Friday, May 6, 2011


You might expect this post to be a rant or a trip down whiner’s road, but it’s not going to be. Truth be told, I had a decent race, and last Sunday was one of those rare days where your game plan actually happens*. All week before the race I told myself I’m going to win this thing on the bike.. and damn it, I did*.

*Just to be clear I would like to say that the 2:00 penalty I received on the bike course was not drafting related. It was a position penalty for being towards the center of the road for longer than 15 seconds. (19 seconds). 

I drove up with my two good friends Marc Schommer and Kosuke Amano (who both had awesome races as well; Especially Kosuke, finishing top 5 overall on Sunday) and my girlfriend Lindsey. We camped in the outer reaches of the campgrounds next to Cal Poly and some immature/childish 30 year olds that constantly found it necessary to yell everything to each other and act as if they were all at an endless party.

The night before the race it was freezing. I knew it was going to be a good race because I woke up tired, groggy, grumpy, and seriously contemplating whether I wanted to race or not. Every time I wake up not wanting to race and feeling like crap, I somehow always have a good race. It’s the days when I wake up feeling good that I suck.

The Swim.
All I wanted to do was make one of the front packs and not loose too much time to the leaders. I knew Bill Jones could potentially have a huge day in the water and hold a sizable lead on the bike. My swim fitness isn’t killer right now (I’ve hardly swam in the last 3 months), but its good enough to be with the top 5-10 fast dudes.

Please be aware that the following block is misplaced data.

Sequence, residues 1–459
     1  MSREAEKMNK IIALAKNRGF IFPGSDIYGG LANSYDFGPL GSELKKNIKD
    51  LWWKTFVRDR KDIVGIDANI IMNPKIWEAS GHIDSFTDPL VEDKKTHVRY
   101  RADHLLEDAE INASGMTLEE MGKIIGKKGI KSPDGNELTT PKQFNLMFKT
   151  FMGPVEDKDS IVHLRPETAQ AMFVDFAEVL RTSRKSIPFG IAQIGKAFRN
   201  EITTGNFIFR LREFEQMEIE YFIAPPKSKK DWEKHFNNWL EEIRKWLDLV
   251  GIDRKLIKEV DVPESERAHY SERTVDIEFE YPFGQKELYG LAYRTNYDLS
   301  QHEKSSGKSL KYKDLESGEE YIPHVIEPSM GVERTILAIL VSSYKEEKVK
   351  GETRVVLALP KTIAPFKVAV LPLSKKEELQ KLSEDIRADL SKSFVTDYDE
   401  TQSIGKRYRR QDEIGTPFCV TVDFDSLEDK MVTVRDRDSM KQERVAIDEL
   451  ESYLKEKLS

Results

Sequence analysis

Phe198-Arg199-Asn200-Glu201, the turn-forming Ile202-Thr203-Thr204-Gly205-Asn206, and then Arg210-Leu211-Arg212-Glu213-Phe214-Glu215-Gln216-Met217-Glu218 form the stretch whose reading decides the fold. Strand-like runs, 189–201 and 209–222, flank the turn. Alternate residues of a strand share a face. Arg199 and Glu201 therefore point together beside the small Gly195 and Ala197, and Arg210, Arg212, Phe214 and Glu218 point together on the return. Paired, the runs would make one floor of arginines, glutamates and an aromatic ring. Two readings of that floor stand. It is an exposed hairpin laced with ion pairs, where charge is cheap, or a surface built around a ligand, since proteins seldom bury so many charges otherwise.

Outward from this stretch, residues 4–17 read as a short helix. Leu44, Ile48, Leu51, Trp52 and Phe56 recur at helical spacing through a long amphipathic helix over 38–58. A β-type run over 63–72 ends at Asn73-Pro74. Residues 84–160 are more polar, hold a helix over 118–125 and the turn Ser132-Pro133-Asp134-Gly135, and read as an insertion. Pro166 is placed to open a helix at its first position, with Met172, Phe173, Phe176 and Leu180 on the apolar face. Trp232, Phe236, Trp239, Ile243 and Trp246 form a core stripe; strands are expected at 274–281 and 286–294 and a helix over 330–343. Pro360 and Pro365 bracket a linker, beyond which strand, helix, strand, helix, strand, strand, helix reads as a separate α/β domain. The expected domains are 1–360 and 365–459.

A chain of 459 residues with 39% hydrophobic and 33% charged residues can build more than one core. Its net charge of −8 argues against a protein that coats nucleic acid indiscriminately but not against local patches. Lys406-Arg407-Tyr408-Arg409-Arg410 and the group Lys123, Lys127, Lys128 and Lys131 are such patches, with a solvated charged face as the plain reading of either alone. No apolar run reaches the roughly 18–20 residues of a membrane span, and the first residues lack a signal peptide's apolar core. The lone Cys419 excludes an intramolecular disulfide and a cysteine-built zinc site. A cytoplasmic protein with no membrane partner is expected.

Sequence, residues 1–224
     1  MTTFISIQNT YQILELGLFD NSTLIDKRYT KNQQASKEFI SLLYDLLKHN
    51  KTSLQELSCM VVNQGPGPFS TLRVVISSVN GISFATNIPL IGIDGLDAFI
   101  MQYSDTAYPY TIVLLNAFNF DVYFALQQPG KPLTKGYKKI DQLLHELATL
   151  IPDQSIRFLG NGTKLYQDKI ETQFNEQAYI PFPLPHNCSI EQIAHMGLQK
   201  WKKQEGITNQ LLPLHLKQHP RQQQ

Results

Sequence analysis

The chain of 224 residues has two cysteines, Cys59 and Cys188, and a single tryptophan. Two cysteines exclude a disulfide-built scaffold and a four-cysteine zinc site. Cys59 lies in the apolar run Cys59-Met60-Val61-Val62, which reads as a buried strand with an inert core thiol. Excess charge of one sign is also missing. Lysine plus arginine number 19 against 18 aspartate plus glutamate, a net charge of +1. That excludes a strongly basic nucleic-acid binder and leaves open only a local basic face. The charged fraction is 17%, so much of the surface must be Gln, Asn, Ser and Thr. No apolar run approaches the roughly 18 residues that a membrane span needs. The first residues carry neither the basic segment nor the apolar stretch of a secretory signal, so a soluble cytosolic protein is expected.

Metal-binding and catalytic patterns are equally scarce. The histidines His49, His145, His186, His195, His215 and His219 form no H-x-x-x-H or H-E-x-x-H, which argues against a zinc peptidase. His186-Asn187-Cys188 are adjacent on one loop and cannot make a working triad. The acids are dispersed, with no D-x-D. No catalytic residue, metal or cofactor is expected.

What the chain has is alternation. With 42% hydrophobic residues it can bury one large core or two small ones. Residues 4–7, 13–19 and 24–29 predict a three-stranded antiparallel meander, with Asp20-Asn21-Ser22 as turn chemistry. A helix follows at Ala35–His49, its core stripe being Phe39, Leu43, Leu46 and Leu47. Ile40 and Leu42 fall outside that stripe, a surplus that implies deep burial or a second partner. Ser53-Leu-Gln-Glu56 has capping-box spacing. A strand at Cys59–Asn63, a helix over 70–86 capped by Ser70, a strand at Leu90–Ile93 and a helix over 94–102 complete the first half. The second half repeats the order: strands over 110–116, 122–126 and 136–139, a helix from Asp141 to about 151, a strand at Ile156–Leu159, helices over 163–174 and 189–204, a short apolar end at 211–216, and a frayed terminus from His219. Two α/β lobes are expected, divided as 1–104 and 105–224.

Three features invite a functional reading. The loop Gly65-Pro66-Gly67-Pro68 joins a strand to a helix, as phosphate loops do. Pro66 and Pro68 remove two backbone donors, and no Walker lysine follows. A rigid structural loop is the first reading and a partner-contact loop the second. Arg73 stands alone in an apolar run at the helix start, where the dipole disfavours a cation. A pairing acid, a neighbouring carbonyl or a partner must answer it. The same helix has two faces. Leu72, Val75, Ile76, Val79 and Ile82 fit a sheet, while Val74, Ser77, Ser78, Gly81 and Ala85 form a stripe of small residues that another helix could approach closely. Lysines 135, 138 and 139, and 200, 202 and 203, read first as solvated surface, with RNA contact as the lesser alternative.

When the horn went off I had a good jump and got out of the chute pretty fast, but for some reason just didn’t have the 2nd wind sprint power to keep with the guys in the front. Rounding the 1st buoy I got dropped. I got into a groove I saw the pack was literally 20 seconds a head of me. I swam solo behind them the whole 1st half of the course at the exact same pace. It was kind of depressing that I wasn’t up there with them. When I made the turnaround things started going awry. I didn’t know where I was swimming. It was some of the worst sighting in the history of open water swimming. This police boat had to come over and guide me away from the shore. I was zig zagging everywhere. Probably threw a good 100-200 yards onto my swim. Came out in a high 19 minute swim; I’m pretty sure I wasn’t even in the top 10. I’m really disappointed in my sighting, and anyone who’s ever swum open water with me knows how bad my aim is. You can bet I’ll be doing sighting drills twice a week every week till I’ve figured it out.

I stayed calm. I knew I could do some work on this bike course. I passed two dudes going up Lynch Hill. I have to say, no matter how in-shape you are, that stupid hill gets you every time. You’re already tired coming out of the swim and all the blood is in your arms, so trying to go straight up a hill immediately is really awesome. After I left the campgrounds I started to get my cycling legs going. I had a lot of fun on that course, feeling great, and was really embracing the hills; just kept my head down and pushed hard. I eventually caught everyone before the turnaround but Bill Jones and Thomas Roos; I saw that they had about 20-30 seconds on me as they passed by me before the turnaround. I caught up to them on a hill probably around mile 14 or something like that. Neither of them looked too good. Bill kicked it in, followed my pace and dropped Roos. I led the rest of the way, which was a pretty sweet experience. There were cameramen and photographers on motorcycles all up in my business. I felt like a pro leading an Ironman.. it was rad.